Sunderland secure record sixth consecutive Tyne-Wear derby win

Sam Allardyce picks up first win of tenure against 10-man Newcastle at Stadium of Light

Sunderland’s Steven Fletcher scores his side’s third goal during the Premier League game against Newcastle at the Stadium of Light. Photograph:  Lee Smith/Action Images via Reuters/Livepic

Sunderland’s Steven Fletcher scores his side’s third goal during the Premier League game against Newcastle at the Stadium of Light. Photograph: Lee Smith/Action Images via Reuters/Livepic

 

Sunderland 3 Newcastle United 0

History repeated itself on Wearside where Sam Allardyce became the fourth successive Sunderland manager to preside over a victory against Newcastle United in his second game in charge.

Perhaps even more remarkably this was the club’s sixth straight win against their Tyneside neighbours. In many ways it proved one of Sunderland’s most peculiar triumphs, coming after a first half in which they appeared virtually incapable of stringing two passes together. Significantly, though, that 45 minutes concluded with Fabricio Coloccini’s hotly debated dismissal and Adam Johnson’s conversion of a similarly questionable penalty.

Somewhat ironically, Friday afternoon had found Allardyce warming to a favourite theme. Possession, suggested Sunderland’s new manager, can be both overrated and boring. As half-time approached Newcastle had enjoyed around 70 per cent of the ball as they pretty much passed Sunderland off their own pitch, Steve McClaren did not look to have too many complaints. But then Coloccini went and rather proved Allardyce’s point.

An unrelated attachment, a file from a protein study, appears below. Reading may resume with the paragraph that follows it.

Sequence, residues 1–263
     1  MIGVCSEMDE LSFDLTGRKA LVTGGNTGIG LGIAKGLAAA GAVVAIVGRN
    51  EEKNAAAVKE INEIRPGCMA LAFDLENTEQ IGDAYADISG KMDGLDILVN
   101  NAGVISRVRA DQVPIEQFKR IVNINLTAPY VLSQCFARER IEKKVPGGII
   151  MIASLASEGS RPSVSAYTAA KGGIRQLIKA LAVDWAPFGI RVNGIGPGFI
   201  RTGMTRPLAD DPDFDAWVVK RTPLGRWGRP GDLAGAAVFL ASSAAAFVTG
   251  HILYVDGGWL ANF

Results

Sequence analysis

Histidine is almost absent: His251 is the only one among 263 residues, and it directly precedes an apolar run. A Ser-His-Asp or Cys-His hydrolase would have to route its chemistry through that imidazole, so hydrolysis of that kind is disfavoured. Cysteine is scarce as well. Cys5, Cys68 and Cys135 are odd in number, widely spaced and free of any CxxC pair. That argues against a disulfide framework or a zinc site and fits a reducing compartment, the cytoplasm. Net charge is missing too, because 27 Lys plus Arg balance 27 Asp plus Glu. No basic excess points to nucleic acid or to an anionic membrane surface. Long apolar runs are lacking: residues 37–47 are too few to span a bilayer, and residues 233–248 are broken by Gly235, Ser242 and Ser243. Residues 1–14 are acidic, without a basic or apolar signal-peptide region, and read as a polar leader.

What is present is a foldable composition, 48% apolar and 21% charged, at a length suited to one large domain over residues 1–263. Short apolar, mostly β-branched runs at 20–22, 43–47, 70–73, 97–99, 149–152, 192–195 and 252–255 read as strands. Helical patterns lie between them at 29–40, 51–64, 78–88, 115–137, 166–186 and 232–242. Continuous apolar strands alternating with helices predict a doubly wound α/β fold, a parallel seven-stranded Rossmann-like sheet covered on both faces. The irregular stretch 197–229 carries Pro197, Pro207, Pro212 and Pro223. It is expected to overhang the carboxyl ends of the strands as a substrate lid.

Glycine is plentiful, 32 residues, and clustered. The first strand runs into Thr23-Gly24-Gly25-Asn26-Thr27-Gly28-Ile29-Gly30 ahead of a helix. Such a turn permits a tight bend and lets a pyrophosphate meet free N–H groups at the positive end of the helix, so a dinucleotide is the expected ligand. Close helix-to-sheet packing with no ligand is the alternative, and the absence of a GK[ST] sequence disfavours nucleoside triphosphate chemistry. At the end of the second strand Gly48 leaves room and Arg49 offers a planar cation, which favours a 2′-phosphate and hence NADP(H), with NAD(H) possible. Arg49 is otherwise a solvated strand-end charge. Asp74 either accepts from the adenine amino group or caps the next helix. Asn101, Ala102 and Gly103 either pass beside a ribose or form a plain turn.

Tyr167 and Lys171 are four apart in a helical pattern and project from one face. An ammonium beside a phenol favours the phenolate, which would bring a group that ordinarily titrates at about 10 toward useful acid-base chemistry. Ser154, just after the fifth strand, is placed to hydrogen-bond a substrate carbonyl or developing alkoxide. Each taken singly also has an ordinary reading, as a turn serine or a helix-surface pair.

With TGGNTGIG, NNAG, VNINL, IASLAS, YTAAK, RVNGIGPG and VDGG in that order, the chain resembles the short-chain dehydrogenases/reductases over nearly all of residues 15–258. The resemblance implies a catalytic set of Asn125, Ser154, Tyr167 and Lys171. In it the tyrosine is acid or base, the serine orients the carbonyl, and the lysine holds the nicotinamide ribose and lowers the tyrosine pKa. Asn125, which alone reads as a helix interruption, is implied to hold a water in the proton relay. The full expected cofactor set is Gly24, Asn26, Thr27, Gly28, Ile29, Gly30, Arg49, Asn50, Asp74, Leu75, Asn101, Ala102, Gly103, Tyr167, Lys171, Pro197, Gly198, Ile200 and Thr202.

In one of those self-destructive moments which have become Newcastle’s hallmark, McClaren’s captain barged Steven Fletcher with a shoulder as the striker attempted to connect with Jermain Defoe’s pass. In reality the substitute’s pass was a little long and Rob Elliot looked to have things covered anyway, but Coloccini got himself needlessly involved and paid a very big price.

Quite apart from conceding a contentious penalty, the Argentinian centre half found himself collecting an arguably harsh red card. It left a disbelieving McClaren incandescent as Johnson stepped forward to beat Elliot from the penalty spot. By way of celebration the winger extended his arms and, apparently pretending he was flying, raced the full length of the pitch.

Until Coloccini’s intervention it had seemed only a matter of time until Newcastle opened the scoring but their world was about to turn upside down.

Suddenly everything was going Sunderland’s way, a trend emphasised when Lee Cattermole – who else? – wiped out Jack Colback courtesy of a blood curdling tackle which ended his one-time team-mate’s afternoon and was rather fortunate not to collect what already seemed a slightly overdue yellow card.

If Allardyce must have been even more relieved to see Costel Pantilimon save superbly from Aleksandar Mitrovic, Sunderland’s manager surely sensed victory when Yann M’Vila met a corner on the volley and Billy Jones hooked the ball into the net from two yards.

Suitably encouraged, Johnson sent a shot crashing against the woodwork but it was not long before Elliot found himself retrieving the ball from the back of his net once again. This time Defoe’s pass, Younès Kaboul’s fine chip and Fletcher’s excellent low volley combined to offer Allardyce the perfect start to life in the Stadium of Light’s home dugout.

Across in the adjacent technical area, McClaren folded his arms tighter across his chest.

(Guardian service)

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